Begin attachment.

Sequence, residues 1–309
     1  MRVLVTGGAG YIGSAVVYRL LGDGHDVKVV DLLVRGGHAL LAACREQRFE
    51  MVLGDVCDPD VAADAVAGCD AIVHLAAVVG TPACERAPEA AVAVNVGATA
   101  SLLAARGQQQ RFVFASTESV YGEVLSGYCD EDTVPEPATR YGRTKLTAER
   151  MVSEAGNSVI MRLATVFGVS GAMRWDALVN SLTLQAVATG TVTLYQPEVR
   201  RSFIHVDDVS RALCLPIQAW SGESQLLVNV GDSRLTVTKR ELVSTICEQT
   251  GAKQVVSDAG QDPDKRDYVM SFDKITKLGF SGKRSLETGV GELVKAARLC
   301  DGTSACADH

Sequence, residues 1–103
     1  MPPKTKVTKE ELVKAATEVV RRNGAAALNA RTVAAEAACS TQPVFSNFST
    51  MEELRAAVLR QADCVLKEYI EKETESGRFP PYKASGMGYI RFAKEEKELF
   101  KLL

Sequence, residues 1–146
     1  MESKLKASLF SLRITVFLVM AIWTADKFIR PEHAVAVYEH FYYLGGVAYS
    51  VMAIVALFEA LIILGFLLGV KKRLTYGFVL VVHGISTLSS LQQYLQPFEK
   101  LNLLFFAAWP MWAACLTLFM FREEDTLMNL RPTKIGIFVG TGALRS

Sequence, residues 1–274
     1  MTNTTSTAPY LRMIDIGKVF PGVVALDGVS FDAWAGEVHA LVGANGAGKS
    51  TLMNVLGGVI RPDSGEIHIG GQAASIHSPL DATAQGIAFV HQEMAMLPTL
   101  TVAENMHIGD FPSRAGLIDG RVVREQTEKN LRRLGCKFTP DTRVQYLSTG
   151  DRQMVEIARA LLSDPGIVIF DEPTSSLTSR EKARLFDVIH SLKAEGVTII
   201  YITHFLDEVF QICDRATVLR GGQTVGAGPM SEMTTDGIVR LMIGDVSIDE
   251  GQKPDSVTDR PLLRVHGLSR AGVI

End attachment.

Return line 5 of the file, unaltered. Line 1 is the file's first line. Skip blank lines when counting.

   151  MVSEAGNSVI MRLATVFGVS GAMRWDALVN SLTLQAVATG TVTLYQPEVR